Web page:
Our friends over at Renter’s Insurance have a new blog post on the 8 most landlord-friendly states. As an investor, eviction rights are usually most important, but additional considerations are security deposits and leases.
Here’s the post:
Texas has a reputation for being very pro-landlord and not as kind to its tenants. Texas landlords can evict a tenant for not paying rent, and they wield other powerful advantages over the tenant that they can take advantage of with little or no notice.
Indiana’s rental laws definitely favor landlords rather than tenants. For example, before 2002 it was completely legal for landlords to withhold tenants’ security deposits past the standard 45 days. Now, landlords can only be sued for the deposit amount and certain legal fees if they exceed the 45-day due date.
The rental laws here are strict and have little tolerance for delinquent tenants. In addition, a landlord can enter the property at any time without providing notice to the tenant.
Arizona has strict laws regarding noncompliance with rental agreement and nonpayment of rent. For example, if a tenant provides false information on the rental application, Arizona landlords have the right to deliver a written notice to the tenant and terminate the rental agreement within 10 days.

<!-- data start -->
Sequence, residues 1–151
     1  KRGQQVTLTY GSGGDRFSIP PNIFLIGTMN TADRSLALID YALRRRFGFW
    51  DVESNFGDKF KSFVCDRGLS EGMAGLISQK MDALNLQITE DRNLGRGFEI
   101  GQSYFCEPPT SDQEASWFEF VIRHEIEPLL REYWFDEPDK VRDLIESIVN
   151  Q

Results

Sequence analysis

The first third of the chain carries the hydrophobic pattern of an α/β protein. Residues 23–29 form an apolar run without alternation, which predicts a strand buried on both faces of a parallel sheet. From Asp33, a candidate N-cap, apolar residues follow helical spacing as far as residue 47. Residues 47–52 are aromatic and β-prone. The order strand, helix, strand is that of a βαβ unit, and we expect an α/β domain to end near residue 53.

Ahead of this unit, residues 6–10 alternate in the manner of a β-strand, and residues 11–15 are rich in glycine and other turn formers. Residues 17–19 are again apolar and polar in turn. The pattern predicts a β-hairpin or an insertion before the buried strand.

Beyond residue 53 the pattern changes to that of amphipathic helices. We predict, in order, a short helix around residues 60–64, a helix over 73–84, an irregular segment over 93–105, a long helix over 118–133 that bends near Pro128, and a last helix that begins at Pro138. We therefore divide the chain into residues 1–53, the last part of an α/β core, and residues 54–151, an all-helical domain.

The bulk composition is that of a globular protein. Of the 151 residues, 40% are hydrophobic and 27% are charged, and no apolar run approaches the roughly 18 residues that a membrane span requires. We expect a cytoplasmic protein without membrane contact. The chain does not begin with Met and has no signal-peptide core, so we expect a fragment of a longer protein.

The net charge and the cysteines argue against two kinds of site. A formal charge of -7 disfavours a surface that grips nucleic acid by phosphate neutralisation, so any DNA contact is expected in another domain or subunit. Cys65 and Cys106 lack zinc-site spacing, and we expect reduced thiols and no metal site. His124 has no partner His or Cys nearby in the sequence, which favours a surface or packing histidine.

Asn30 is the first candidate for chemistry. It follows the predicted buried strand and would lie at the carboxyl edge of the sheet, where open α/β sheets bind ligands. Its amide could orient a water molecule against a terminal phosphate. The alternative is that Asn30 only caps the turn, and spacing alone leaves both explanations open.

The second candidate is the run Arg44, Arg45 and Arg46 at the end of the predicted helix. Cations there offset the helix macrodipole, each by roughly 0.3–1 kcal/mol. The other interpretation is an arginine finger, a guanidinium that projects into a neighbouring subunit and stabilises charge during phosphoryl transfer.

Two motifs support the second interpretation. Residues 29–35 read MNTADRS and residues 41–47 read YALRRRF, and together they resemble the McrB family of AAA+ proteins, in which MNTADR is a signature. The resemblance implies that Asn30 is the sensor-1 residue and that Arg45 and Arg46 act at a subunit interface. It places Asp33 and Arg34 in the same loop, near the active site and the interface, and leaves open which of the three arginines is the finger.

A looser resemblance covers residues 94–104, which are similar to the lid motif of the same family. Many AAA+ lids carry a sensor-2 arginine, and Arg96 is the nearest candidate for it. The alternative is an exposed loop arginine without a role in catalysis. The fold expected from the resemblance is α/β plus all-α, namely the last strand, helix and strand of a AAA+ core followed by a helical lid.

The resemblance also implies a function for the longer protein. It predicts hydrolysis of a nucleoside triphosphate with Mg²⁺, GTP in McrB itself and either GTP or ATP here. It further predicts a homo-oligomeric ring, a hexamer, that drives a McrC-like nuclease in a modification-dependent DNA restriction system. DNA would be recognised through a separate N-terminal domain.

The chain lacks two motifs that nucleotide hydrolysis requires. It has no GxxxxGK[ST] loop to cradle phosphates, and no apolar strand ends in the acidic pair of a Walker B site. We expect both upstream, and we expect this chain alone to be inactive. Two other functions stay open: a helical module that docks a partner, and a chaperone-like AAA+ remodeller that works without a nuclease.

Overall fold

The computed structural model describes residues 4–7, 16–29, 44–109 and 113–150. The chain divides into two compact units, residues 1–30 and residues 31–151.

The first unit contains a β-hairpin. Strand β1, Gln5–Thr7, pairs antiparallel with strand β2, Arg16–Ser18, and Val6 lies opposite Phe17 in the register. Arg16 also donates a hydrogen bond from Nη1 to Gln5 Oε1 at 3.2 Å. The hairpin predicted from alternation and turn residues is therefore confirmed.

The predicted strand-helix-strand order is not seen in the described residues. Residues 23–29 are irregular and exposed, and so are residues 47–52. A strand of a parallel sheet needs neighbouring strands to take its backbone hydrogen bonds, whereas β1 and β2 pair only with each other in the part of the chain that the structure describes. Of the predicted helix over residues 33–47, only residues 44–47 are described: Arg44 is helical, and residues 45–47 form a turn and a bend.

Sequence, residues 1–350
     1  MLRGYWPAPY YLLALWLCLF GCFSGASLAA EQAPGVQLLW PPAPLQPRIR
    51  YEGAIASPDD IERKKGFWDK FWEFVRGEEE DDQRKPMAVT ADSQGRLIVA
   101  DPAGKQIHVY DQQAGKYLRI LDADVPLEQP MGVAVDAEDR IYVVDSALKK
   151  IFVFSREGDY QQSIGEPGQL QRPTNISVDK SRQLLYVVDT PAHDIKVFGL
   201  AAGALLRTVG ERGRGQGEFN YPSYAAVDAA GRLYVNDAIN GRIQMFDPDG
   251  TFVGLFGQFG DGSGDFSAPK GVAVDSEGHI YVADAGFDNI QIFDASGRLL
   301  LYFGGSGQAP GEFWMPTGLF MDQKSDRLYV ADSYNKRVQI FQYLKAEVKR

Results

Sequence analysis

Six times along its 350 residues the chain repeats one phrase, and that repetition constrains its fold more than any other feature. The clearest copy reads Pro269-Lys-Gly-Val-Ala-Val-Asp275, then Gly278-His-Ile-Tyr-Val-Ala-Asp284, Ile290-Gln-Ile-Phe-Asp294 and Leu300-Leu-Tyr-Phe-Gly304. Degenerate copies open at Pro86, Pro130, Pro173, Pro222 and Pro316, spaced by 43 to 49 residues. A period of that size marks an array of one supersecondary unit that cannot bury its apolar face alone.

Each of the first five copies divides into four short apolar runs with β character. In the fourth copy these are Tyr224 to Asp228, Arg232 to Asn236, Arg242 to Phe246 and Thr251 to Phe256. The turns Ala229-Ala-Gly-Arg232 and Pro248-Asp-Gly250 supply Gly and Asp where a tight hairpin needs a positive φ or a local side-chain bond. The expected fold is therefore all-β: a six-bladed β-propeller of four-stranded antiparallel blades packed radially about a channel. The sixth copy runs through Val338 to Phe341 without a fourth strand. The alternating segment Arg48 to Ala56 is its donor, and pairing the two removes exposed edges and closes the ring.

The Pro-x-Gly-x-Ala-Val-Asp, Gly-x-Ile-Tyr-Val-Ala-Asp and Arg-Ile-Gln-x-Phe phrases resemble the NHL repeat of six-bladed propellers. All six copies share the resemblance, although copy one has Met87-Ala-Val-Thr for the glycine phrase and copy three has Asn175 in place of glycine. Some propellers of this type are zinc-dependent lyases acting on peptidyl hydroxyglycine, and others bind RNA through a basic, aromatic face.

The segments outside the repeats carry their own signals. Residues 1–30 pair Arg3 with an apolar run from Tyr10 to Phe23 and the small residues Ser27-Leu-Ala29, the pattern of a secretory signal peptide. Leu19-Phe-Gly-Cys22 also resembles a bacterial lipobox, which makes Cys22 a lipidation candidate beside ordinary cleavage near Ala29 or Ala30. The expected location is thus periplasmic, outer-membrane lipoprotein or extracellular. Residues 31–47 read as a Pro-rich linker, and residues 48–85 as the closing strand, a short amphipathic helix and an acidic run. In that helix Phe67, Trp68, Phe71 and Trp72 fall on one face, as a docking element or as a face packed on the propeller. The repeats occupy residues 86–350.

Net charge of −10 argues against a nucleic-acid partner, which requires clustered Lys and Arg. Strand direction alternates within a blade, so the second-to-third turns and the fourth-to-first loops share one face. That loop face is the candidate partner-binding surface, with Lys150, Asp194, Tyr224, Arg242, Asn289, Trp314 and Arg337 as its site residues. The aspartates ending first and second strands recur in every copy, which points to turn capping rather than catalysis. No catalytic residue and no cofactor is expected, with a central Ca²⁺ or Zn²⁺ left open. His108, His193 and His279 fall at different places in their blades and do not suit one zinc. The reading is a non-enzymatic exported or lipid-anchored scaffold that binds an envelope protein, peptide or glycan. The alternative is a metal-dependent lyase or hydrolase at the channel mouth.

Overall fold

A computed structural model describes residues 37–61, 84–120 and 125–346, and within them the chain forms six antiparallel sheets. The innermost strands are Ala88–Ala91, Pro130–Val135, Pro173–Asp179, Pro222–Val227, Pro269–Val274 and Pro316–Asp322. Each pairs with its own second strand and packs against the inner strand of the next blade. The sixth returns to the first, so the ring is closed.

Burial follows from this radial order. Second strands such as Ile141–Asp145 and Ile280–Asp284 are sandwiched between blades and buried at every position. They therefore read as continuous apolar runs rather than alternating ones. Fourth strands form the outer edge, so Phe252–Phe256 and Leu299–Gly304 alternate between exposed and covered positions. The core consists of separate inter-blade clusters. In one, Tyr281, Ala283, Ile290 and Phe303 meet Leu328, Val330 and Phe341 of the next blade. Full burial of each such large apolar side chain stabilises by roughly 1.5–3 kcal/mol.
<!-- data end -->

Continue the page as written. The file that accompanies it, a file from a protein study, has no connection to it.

One primary reason Florida seems to favor landlords is the lack of rent control laws in Florida. Florida also does not require a written lease, which can sometimes create problems when disputes arise. While recent legislation has been proposed to help better protect tenants, tenants should still be careful before renting in Florida.
Kentucky handles security deposits a little differently than other states. According to Kentucky rental laws, landlords are allowed to withhold security deposits anywhere from 30 to 60 days, depending on tenant disputes regarding deductions. Other than the states that have no statutory deadline, Kentucky has the longest waiting period for tenants to get their security deposits back.
Georgia courts are the primary reason why the landlord is favored. Regardless of the reason, tenants who do not pay rent typically lose their eviction cases in Georgia courts. That means, if you feel that your rights have been violated in Georgia, chances are you will lose if you take the matter to court.
Mississippi’s favoritism for landlords dates back to the days of segregation, when landlords had much more power. While today legislation has reigned in the landlord’s power of their tenants, Mississippi landlords still enjoy a number of benefits, including a requirement that tenants keep the rental premises clean and remove all garbage.